By Gurpreet Gujral, managing director, and Francisca Wiggins, director, of Atrato Onsite Energy plc (ROOF)
While governmental collaboration is undoubtedly important in the fight against climate change, particularly as global leaders converge on the UK for COP26, a net-zero emissions world can only be achieved if the corporate sector takes decisive action.
Importantly, a growing list of corporations have begun to make climate pledges. For example, the British Retail Consortium, which comprises some of the UK’s largest companies – including supermarket giants Aldi, Asda, Co-op, Lidl, M&S, Morrisons, Ocado and Sainsbury’s – has set its own ambitious targets to decarbonise stores, deliveries and products by 2030, 2035 and 2040, respectively. This is far ahead of the UK government’s 2050 target.
Obtaining clean zero carbon electricity is crucial to achieving these goals, but the current solutions for sourcing green energy are problematic. A multitude of energy suppliers offer ‘green’ badged energy, but with renewable energy certificates available for purchase at a minimal cost, the authenticity of such claims is difficult to verify.
Another option, entering into a direct power purchase agreement (PPA) with a producer of clean energy – such as a wind farm – poses its own problems, as the logistics involved in obtaining a license from the National Grid to transmit the energy are complex.
Harnessing a proven solution
Alternatively, corporates such as the UK’s major supermarkets can look to harness solutions able to utilise the enormous unused space atop of existing buildings. Through the installation of rooftop solar panels able to directly supply energy, companies can bypass the grid and realise energy efficiencies and cost savings.
While non-domestic energy consumers in the UK paid an average of 14.71p per kilowatt hour to a licensed supplier in the first quarter of 2021, the average cost of onsite solar assets ranges between 8-10p per kilowatt hour. These savings come from the removal of policy costs, supplier margins and network charges for connecting through the grid.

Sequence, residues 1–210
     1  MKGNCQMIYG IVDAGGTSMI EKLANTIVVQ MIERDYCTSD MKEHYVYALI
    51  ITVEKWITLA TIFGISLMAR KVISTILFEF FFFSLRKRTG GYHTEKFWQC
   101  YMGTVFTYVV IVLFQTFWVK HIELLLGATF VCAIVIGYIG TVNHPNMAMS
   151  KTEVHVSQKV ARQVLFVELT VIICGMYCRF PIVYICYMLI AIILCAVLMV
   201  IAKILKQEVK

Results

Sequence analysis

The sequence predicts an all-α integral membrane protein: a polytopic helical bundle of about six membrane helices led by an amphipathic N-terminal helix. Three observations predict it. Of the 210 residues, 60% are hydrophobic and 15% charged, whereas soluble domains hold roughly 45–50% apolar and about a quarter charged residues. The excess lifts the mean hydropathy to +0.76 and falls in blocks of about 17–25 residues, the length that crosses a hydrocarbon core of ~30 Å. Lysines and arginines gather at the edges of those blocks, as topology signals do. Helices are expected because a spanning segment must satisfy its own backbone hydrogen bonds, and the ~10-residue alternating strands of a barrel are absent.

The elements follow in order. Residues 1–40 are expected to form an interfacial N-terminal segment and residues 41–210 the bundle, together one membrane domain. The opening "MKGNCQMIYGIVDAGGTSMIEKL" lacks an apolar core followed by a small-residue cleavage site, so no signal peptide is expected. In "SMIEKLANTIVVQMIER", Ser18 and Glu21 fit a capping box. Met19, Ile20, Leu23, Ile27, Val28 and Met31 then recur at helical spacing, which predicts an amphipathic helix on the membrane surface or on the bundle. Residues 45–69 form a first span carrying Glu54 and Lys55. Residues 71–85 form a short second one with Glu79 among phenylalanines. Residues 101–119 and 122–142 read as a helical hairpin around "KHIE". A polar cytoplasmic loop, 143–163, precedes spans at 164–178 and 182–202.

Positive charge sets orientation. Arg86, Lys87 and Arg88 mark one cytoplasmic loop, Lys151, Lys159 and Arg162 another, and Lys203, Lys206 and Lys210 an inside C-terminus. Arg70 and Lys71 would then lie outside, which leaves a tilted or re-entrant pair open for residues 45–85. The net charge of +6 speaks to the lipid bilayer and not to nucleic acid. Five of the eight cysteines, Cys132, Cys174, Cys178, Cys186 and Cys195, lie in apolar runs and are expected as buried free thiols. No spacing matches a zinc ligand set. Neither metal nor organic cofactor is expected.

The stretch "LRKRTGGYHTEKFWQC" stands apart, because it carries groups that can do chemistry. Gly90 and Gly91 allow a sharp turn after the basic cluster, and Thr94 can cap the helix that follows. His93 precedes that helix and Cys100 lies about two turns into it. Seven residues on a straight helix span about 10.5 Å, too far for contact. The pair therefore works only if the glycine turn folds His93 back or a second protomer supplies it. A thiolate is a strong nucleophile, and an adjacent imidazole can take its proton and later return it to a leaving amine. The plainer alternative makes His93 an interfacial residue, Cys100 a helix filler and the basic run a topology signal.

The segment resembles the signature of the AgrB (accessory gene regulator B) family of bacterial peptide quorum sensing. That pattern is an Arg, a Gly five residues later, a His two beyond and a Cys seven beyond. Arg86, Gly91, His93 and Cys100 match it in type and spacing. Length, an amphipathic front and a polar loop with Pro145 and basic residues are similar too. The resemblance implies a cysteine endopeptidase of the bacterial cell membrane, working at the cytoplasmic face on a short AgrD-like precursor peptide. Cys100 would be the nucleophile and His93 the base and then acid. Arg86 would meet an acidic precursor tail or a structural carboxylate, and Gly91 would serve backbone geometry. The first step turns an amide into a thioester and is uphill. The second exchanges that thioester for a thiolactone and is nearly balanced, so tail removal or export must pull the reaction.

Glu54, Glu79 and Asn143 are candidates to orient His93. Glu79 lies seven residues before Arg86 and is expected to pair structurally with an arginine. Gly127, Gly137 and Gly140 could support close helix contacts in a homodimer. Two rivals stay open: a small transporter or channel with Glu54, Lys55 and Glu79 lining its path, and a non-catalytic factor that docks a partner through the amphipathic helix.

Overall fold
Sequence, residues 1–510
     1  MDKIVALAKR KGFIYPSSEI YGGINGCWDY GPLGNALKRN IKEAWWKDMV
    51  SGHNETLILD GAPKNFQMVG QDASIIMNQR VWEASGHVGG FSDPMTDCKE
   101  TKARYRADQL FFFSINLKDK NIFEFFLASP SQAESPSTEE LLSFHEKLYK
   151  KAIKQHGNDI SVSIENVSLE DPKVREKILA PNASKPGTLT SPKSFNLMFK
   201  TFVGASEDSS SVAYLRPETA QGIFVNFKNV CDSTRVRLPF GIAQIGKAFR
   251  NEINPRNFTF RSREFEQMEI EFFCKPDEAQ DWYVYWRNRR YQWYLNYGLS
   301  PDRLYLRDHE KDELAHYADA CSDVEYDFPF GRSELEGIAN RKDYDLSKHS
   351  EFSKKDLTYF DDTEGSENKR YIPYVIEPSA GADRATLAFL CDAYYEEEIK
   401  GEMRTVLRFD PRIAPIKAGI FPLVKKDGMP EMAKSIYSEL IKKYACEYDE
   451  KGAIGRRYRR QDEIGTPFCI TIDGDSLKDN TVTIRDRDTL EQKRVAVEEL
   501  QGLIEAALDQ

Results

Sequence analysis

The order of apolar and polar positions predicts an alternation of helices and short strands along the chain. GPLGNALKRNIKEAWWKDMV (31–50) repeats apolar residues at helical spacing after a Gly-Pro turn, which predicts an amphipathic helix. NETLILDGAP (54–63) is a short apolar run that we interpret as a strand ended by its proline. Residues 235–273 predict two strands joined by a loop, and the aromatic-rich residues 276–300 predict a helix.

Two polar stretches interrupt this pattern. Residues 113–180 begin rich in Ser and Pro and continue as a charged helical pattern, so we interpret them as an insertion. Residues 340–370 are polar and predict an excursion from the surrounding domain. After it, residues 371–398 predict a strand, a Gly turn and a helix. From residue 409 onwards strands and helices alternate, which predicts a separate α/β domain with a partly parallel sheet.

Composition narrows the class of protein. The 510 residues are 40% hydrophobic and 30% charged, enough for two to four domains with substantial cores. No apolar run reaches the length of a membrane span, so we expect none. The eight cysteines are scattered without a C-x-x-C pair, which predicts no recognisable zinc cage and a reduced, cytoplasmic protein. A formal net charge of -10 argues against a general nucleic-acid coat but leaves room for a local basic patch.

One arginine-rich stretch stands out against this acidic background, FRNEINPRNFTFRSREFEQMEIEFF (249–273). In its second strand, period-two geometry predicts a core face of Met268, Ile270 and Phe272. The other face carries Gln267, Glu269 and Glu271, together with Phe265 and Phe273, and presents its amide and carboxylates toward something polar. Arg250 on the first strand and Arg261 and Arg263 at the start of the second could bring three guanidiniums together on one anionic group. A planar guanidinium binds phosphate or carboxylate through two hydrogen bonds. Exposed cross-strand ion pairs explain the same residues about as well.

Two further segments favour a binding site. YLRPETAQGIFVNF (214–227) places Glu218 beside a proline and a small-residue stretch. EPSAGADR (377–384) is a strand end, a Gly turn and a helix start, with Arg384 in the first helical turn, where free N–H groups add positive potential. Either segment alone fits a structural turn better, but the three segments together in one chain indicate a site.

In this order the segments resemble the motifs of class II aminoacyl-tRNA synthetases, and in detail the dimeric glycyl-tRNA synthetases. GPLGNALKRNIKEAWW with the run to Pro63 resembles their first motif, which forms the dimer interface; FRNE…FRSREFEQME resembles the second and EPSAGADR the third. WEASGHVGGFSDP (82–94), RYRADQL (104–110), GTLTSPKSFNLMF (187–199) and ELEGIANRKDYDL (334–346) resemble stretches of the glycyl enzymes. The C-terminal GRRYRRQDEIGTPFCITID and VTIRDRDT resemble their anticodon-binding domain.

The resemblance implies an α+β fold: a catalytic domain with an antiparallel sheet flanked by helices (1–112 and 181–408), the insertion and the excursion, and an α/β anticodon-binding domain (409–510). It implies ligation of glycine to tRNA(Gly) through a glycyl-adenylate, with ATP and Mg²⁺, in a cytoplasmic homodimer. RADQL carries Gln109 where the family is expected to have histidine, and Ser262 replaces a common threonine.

Onsite solar assets can allow a medium-sized supermarket to save about £40,000 per year over 20 years – savings directly contributing to the company’s bottom line. In addition, the establishment of a long-term PPA for an onsite solar asset reduces a company’s exposure to wholesale power price volatility. This concern has come to the fore in recent weeks, as soaring energy costs look set to drive up domestic power prices by 30% over the next year. Additionally, any excess energy produced on the rooftop can be resold via the grid, generating additional returns for the business.
Under existing development permits, rooftop projects of less than 1MW can be installed without requiring special approval – enabling installation to be completed in as little as eight weeks. As consumers increasingly demand action on emissions, proactive companies are able to point to the visible proof.
Stable revenue and cashflow
While investors seeking exposure to renewables typically gravitate towards largescale projects, the meaningful monetary and environmental benefits of our rooftop solar solution, which aggregate a number of smaller assets, cannot be ignored.
Just as cost savings and avoiding price volatility are important to energy consumers, investors seek out certainty of revenue and cashflow stability. By establishing indexed PPAs of an average duration of 15 years with occupiers of the industrial and commercial properties on which the assets are installed, 90% of our revenue is contracted – enabling us to pay out stable inflation-linked returns, with low sensitivity to energy prices. While the NAVs of many UK listed renewable vehicles are highly correlated to wholesale power prices, our solution is about 50% less corelated than the peer group, on average.
Thanks to the falling costs of installing solar PV systems, our assets are profitable and do not require subsidies. In addition, through our established network of supermarket tenants and solar PV installers, we can facilitate an un-intermediated installation process – which avoids developer costs and enables the retention of the majority of contracted revenues. Also, by sourcing the material directly, we conduct due diligence across the manufacturing supply chain, ensuring the production of the solar equipment conforms to the highest quality ESG standards.
A cleaner and sustainable future can only be achieved if corporates become energy self-sufficient. Rather than focusing on faraway carbon offsets, companies must look to better utilise all the assets at their disposal – including the one over their heads.